Wine Talk

Snooth User: EMark

Premiere Napa Valley

Posted by EMark, Apr 28, 2013.

I plan on participating in the Lodi Virtual Tasting this week.  So, I figured that a good place to find the wines that are in the VT would be Total Wines. In fact, I did reasonably well and found 3 of the 4.  (Here's a PSA for VT participants.  No driving after this tasting.  The low ABV that I bought was 14.5.  The other two were over 15.)

Well, I'm not going to let a visit to the wine store go to waste without walking up and down every aisle to see what else I might want, and I did, in fact, put a dozen or so "everyday drinkers" into my basket.  (Remember a few months ago there was a thread here that touched on Carignane?  I actually found one--a 2007 Alexander Valley--from a winery called Les Caves Roties de Pente.  It went into the basket.)

Eventually, I walked by the locked cabinet.  I always do this just to taunt myself.  I have never had a clerk come over and unlock it so that I could buy one of the high-dollar offerings.  For the first time ever, though, I noticed several bottles with a "Premier Napa Valley" label.  Then I noticed that the grapes came from Chappellet's Pritchard Hill.  Then, I noticed that each bottle was signed (initialed, really) by the winemaker and numbered.  Then I noticed that next to the Pritchard Hill wines were Premier Napa Valley wines from Hestan, then I noticed other wineries under the Premier Napa Valley label--all numbered and all signed by the winemaker.  Prices for these wines ranged from (as I recall) $129 to $449 (for the Pritchard Hill).

Well after getting back a quick internet search led me to the Premier Napa Valley site.

The following is copied from that site:

Produced in California's renowned Napa Valley, Premiere Napa Valley is one of the rarest wine brands in the world. For 17 years the region's top winemakers have offered ultra-boutique wines to the trade, crafted in as few as 60 bottles and never more than 240 bottles, as individual bottlings for the brand known as Premiere Napa Valley.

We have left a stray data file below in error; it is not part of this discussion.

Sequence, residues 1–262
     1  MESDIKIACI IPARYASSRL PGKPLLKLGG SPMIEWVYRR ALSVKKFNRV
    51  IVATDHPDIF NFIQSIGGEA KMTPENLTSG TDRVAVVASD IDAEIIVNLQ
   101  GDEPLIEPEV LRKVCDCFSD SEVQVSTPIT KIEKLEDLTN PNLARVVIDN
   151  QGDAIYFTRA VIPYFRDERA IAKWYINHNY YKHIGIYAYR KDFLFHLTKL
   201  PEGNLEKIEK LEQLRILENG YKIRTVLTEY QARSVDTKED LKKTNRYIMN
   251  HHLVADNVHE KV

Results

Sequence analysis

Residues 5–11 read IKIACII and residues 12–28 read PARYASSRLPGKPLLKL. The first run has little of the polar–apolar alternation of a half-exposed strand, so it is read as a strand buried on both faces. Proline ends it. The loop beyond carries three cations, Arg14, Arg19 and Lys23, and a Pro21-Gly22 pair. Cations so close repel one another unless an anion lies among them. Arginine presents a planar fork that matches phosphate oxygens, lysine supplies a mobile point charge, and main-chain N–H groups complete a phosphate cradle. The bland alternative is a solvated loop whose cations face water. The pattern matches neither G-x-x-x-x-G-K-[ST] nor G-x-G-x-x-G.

These wines, created each only once, by 200 different wineries are offered as futures at auction only to the wine trade—individual restaurateurs and wine retailers—so they have the most unique, and some of the very best wines made from America’s leading appellation. Essentially think of Premiere Napa Valley as a brand consisting of 200 "single vineyard," small case production offerings.

Each wine from each producer is one-of-a-kind, and will not be found in the market except by the wine seller who secures the unique wine via an annual trade auction held each winter. Though reminiscent of how Hospice de Beaune wines are produced, the process is uniquely American. The winemakers take a gloves-off approach, often using varieties they may not bottle as a stand-alone, or perhaps a noted white-wine-only house producing a red wine. These wines are innovative and showcase the region's sense of explorations in fine winemaking.

So, it looks like the guys at Total Wines went to this event, bought these lots and now have them for sale in their stores.

Does anybody have any experience with these?  I would sure like to hear whether anybody thinks these wines are as unique as I think they might be.  These prices are way beyond my normal spending limit, but I giving some real serious thought to driving the Honda for a few more years so that I can put some of these into it and drive them home.

Oh, if anybody does go to the web site, there are several videos on the "Media" page.  I really like the metaphors in the "Make your Cellar Complete" video.  OK, what I mostly like is the Schubert 8th Symphony background music, although, I'm not particularly crazy about the electronic realization.  Also, the Napa Valley Opera House looks like a great venue.